Wednesday, January 29, 2020

Frances and Richard Lockridge, The Faceless Adversary

Frances and Richard Lockridge, The Faceless Adversary
J.P. Lippincott and Co. 1956
© Frances and Richard Lockridge 1956
Available as an ebook and from used booksellers.

John Hayward, having just asked the woman he loves (Barbara Phillips)to marry him, arrives at his apartment, and finds the police waiting for him.  They ask him to come with them, to answer questions about the murder of Nora Evans.  From their questioning, it’s apparent that they believe (with some reason) that he murdered her to get out of his relationship with her.  They do not, at this point, have sufficient evidence to charge him with murder; he is released on bond (of $20,000—something around $150,000 at today’s prices).  Hayward is in his early 30s, a veteran of the Korean War, and an assistant vice-president of a large New York bank.  And things do not look good for him.

He and Barbara find themselves looking for evidence of his innocence (and of someone else’s guilt; the police keep him under surveillance and continue to build a case against him.  And there is a bad-cop (Grady), good-cop (Nathan Shapiro) element to the story.  (This is the first, of ten, books in which Shapiro plays a major role.  He winds up being instrumental in identifying the actual murderer, although it’s hard to call him the lead character.  He has a few walk-on appearances in the Mr. and Mrs. North books, also written by the Lockridges.)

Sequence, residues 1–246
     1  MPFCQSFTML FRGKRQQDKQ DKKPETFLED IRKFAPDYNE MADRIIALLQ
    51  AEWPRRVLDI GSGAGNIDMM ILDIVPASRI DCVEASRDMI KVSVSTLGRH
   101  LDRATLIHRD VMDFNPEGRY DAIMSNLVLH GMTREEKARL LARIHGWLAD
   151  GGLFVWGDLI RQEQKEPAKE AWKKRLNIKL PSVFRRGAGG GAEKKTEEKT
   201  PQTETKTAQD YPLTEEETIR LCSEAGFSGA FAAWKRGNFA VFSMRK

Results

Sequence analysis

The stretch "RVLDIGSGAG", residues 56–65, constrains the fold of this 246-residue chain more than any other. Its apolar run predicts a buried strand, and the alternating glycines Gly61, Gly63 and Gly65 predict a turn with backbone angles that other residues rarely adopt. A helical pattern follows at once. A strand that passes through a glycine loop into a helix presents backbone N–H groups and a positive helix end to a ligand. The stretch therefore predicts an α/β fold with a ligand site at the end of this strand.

The Lockridges do their usual good job of making the reader see and feel what New York was like (and, in this case, what a part of the Connecticut suburbs were like).  John and Barbara make an attractive couple, and there is a charming secondary character, the Anglican priest, Father Higbee, who both accepts their account of what has happened, but provides them with some insight into the people in his small Connecticut town who are a part of what has happened.

The Lockridges were never really among the top rank of mystery writers in their career (spainng the years from the early 1940s to the late 1970s; Richard carried on as a solo act after Frances’s death in the early ‘60s).  But they were reliable, and their main characters [(the Norths in particular, but also Shapiro and Merton Heimrich (24 books, a state police inspector introduced in the second Mr. and Mrs North book (Murder Out of Turn)] were always likeable.  IThe Faceless Adversary is a good example of their work—solidly plotted, with appealing characters.  I have always found that spending a few hours with thir books time well spent, and The Faceless Adversary is no exception.

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